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Tennikoit, also called ring tennis or tenniquoits, is game played on a tennis-style court, with a circular rubber ring ("tennikoit", c.f. the game quoits) hurled over a net separating the two players, with each endeavoring to catch and return the hurled ring into the opponent's court.
The game is particularly popular in Germany, South Africa, Brazil, and the Subcontinent nations of India, Pakistan, and Bangladesh.
The origins of tennikoit are unclear, with some sources claiming a German, but a more immediate ancestor of the game is likely the game of deck tennis, a recreation commonly played on cruise ships at the start of the 20th century, on smaller versions of tennis courts, with rings or rubber or another soft material.
The game begins as one player serves the ring upwards over the net, diagonally into the opponents court, and the opponent tries to catch the ring before it can land in their court, and if so throw it back. Each player takes five services in a row, regardless of whether they have scored points for a serve, and then the opponent serves for the following five turns.
Each individual (or double) tries to score 21 points in order to be declared a winner, but the winner must maintain a lead of two points over the opponent to win. A game consists of 3 sets of 21 points; the winner of 2 sets wins the match. However, a time limit of 30 minute is in place per set. Thus a server should win a point within nine rallies; failing to do so will then result in a point for one's opponent.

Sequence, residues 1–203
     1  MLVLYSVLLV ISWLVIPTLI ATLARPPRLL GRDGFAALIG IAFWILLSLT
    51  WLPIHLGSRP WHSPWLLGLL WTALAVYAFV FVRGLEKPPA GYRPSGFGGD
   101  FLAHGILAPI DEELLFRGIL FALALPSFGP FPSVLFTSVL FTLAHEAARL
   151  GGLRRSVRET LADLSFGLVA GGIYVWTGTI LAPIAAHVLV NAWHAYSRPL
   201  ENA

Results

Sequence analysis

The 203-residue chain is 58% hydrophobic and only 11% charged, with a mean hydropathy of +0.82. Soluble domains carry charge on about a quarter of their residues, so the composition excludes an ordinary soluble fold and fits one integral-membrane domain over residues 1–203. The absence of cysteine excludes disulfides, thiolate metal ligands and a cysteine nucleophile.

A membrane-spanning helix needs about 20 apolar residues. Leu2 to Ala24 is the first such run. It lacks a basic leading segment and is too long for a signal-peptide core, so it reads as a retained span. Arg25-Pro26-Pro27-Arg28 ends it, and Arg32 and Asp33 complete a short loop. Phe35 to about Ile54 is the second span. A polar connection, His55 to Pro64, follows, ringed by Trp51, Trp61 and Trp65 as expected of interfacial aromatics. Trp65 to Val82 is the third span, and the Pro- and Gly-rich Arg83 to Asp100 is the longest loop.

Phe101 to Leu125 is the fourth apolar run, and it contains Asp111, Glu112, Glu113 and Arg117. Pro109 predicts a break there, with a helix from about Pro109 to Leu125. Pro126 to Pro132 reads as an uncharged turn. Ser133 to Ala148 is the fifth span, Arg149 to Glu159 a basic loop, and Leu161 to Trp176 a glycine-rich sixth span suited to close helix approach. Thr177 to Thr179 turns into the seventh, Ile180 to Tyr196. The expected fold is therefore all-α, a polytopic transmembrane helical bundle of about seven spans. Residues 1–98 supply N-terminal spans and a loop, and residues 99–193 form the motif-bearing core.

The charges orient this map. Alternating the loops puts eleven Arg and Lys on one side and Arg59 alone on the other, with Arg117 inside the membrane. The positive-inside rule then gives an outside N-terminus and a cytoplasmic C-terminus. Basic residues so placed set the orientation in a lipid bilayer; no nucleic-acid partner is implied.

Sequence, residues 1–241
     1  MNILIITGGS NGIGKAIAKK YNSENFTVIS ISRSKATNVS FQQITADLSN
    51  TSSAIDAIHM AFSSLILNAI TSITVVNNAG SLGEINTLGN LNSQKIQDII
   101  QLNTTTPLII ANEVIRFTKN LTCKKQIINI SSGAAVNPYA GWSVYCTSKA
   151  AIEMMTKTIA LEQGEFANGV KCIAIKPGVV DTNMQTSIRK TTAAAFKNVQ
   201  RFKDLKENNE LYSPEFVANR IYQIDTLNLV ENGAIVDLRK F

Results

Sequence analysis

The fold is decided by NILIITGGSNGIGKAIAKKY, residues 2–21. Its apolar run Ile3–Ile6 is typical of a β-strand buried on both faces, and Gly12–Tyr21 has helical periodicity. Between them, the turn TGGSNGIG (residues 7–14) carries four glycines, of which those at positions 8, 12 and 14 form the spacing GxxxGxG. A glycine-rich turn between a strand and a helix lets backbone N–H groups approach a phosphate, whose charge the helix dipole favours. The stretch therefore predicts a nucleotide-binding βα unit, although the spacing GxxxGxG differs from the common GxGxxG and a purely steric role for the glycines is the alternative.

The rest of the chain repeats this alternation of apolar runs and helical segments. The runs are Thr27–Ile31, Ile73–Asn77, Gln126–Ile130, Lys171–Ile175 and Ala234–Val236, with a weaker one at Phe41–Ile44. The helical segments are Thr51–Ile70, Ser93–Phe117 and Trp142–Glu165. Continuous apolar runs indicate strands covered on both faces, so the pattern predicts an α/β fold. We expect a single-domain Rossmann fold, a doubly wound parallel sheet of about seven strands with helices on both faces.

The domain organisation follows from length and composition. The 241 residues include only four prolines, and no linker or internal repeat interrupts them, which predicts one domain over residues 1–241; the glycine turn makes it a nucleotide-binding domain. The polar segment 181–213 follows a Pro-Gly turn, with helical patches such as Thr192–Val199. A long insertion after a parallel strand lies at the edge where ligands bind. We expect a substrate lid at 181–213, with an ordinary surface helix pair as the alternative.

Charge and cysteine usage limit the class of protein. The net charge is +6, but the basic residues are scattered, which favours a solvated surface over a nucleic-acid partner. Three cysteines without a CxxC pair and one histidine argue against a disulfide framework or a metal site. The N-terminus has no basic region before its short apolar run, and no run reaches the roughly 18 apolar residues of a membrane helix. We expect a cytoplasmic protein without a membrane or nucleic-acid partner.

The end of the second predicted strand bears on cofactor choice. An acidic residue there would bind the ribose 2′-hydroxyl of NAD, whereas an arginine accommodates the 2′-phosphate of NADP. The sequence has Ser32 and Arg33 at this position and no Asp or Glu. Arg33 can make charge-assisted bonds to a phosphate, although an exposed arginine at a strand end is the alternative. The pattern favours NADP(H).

The game may be played in singles (one player per side) or doubles (a pair per side).
Faults include a koit hitting the net posts, leaving the court entirely (even if it eventually lands in the court) or striking or passing through the net, as well as wobbling or shaking of the koit.
Court and equipment
Tennikoit can be played indoors or outside, on any surface which includes red sand, clay, and cement. Courts measure 12.2 by 5.5 metres, regardless of playing singles or doubles, and are divided by a centre line. Each playing zone is 5.2 by 2.75 metres. The height of the net that divides the court another direction is 1.8 metres.
- Joshi, Mohan (23 January 2016). [www.uniindia.com/mohan-joshi-elected-chief-of-tennikoit-federation-of-india/sports/news/354847.html "Mohan Joshi Appointed as New Chairman of Tennikoit federation of India"] Check
|url=value (help). United News Of India. Retrieved 21 November 2018.
- "Kerala Tennikoit Association". Keralatennikoit.com. Retrieved 30 December 2014.
- Ocean Liners: Crossing and Cruising the Seven Seas. Boyds Mills Press. 2008. pp. 44–. ISBN 978-1-59078-552-2.
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